How can I use coconut oil in cooking?

I like to use coconut oil in both cooking and baking, but only in certain recipes. While EVOO is my go-to oil, I find that coconut works well for recipes that benefit from coconut flavor, and a richness and mouth feel similar to butter.

For example, I use coconut oil in Moroccan lentil soup and a ginger-mint veggie and shrimp stir-fry. It also works well as a replacement for butter in certain baked goods and sweets. Because coconut oil tends to be solid at room temperature, it can be used to hold ingredients together, like crusts or crumbles, frosting, dark chocolate truffles, bars, and cookies. In most recipes coconut oil can replace butter in equal amounts.

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Is all coconut oil the same?

No. Refining, bleaching, and deodorizing may change coconut oil’s chemical composition and significantly reduce the levels of protective antioxidants. If you use coconut oil for eating, buy virgin—or VCO—produced by cold pressing oil from the coconut meat, with no further chemical processing. (The authors of the BMJ study pointed out that the virgin coconut oil used in the research may explain the experiment's results.) Sometimes you’ll see ‘extra virgin’ on labels, but unlike olive oil, there’s no difference between virgin and extra-virgin coconut oils. There are essentially just two types of coconut oil: virgin and refined. Virgin is fragrant and tastes like coconut, while refined is tasteless and odor free.

A few rules to live by .

To sum up, here are six dos and don’ts regarding coconut oil that just make sense:

Don't make coconut oil the only oil you use. Based on the large body of nutrition research, extra virgin olive should remain the go-to.

Don't rely on eating coconut oil alone as a weight-loss strategy. While further research may reveal more about VCO’s impact on metabolism, your overall eating pattern plays a much larger role in shedding pounds than any one food.

Don't overdo it on coconut oil. A one level tablespoon portion at most is appropriate, or less if you include other fats in the same meal, like nuts or seeds.

Do use coconut oil in moderation if you enjoy it. Some research is investigating coconut oil’s possible connection to the prevention of Alzheimer’s disease, and VCO does provide phenolic antioxidants, which have been tied to health benefits, including anti-aging.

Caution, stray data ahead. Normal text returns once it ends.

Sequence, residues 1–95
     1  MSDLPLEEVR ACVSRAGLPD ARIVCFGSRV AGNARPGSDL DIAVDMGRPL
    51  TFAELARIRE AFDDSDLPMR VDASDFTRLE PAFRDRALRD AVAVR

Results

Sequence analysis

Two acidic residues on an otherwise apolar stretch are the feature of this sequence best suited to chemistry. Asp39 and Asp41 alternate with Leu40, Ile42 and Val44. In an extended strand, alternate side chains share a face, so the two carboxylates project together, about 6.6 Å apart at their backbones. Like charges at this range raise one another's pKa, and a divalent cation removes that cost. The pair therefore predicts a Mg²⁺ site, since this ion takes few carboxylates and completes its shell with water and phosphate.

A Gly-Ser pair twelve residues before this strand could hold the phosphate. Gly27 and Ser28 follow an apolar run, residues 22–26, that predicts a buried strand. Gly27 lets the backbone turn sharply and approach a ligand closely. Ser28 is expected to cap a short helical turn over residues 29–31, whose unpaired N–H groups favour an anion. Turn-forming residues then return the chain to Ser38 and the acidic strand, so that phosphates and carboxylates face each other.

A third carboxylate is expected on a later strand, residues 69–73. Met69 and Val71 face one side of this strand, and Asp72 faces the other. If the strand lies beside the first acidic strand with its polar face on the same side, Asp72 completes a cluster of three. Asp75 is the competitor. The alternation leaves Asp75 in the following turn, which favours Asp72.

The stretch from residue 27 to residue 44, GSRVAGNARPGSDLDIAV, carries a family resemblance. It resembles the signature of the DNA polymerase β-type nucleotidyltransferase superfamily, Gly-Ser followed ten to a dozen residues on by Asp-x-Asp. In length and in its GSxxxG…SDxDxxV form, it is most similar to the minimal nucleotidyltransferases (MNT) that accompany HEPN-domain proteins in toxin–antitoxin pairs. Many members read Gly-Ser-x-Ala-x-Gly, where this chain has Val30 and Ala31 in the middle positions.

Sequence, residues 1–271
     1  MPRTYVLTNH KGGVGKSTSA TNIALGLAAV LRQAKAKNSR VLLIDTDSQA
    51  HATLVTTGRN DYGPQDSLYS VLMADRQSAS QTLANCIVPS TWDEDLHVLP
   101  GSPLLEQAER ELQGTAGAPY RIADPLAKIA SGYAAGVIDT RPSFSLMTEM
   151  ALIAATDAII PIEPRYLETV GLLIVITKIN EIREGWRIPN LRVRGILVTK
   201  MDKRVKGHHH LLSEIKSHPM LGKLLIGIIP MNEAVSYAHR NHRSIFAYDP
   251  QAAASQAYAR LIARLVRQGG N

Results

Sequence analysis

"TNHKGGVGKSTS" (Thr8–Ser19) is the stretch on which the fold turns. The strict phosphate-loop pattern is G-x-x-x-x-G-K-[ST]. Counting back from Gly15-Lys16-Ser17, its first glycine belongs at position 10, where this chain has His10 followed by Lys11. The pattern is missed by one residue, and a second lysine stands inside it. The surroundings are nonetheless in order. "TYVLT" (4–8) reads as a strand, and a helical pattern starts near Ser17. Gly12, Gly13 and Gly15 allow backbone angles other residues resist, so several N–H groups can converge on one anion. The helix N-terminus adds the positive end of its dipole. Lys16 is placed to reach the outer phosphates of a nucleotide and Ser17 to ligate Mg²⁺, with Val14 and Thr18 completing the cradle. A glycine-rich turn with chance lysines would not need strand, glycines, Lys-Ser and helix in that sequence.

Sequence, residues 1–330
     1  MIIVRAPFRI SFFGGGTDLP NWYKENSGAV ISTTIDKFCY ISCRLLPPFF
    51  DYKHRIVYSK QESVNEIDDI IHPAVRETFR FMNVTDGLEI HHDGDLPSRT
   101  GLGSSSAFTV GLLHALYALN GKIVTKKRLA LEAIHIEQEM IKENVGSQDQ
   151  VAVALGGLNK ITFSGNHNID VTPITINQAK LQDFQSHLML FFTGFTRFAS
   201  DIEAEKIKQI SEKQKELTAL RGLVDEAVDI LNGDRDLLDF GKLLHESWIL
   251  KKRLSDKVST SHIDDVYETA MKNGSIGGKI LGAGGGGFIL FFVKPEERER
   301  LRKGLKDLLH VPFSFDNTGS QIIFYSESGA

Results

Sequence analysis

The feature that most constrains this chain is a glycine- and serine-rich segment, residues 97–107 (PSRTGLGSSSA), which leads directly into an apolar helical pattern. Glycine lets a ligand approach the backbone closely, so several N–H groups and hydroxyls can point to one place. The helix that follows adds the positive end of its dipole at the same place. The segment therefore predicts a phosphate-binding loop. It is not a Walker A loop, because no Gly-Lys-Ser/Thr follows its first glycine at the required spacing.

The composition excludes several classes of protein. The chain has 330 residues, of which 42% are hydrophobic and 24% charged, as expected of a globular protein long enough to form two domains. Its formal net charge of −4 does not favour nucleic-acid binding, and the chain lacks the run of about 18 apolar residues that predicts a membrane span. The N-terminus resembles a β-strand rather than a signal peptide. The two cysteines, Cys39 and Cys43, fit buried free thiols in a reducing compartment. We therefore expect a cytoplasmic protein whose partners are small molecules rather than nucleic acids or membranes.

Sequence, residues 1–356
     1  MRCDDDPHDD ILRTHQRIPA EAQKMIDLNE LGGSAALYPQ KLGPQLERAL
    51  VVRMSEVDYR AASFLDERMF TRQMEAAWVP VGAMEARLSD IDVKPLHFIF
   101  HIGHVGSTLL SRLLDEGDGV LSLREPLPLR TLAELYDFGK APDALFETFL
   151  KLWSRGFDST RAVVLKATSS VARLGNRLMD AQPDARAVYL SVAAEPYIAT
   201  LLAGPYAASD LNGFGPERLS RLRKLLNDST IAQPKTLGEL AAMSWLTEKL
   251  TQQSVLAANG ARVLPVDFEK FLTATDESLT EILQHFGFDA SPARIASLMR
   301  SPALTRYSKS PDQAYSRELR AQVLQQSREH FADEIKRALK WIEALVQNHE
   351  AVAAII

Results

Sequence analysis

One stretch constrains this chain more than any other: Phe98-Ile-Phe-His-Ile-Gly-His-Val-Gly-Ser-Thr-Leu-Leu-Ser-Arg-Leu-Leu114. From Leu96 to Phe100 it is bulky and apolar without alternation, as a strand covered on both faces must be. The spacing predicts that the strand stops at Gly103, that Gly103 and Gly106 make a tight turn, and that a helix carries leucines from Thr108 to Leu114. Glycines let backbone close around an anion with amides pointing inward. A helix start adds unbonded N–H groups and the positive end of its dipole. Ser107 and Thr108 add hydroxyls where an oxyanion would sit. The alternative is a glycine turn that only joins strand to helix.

Do buy virgin coconut oil, or VCO for eating—not the refined type.

Do use coconut oil in rotation with other healthy fats, such as extra-virgin olive oil, avocado, and nuts. Healthy fats are key to a balanced diet, along with plenty of veggies lean protein, like wild salmon and pasture raised eggs and moderate portions of healthy starches, including pulses (beans, lentils, peas, chickpeas), whole grains (think quinoa and brown rice), and starchy vegetables (such as sweet potato, fingerling potatoes, root veggies, and squash).

Cynthia Sass, MPH, RD, is Health’s contributing nutrition editor, a New York Times best-selling author, and a consultant for the New York Yankees and Brooklyn Nets.


By now, I’m sure you’ve seen the USA Today article entitled, “Coconut oil isn’t healthy. It’s never been healthy.” Fear-mongering, attention-grabbing headlines certainly sell copy, but do not make for evidence-informed, high quality science reporting.

As I expressed in my recent post on social media:

“The internet is full of erroneous claims. Science writers who forgo the nuances of empirical findings in the interest of sensational headlines.

False extrapolations made by people unequipped to interpret the research. Speculations by bloggers who missed the correlation-does-not-equal-causation lesson in epidemiology.

Over-generalizations from poorly designed, low quality in vitro and animal studies and studies that failed the test of statistical significance. Industry-funded, conflict-of-interest ridden rhetoric.

From eating for your blood type, to saturated fat causing heart disease, to heart-healthy whole wheat, to coffee causing gluten cross reactivity--in the natural and mainstream health communities alike, people take an idea and run with it without once going back to the primary and secondary literature to verify its scientific veracity.

The lack of scientific rigor that abounds in many corners of natural medicine is part of the reason that alternative medicine is marginalized by mainstream medicine. However, conventional medicine is equally culpable when it comes to its standards of care lacking a firm evidence-base.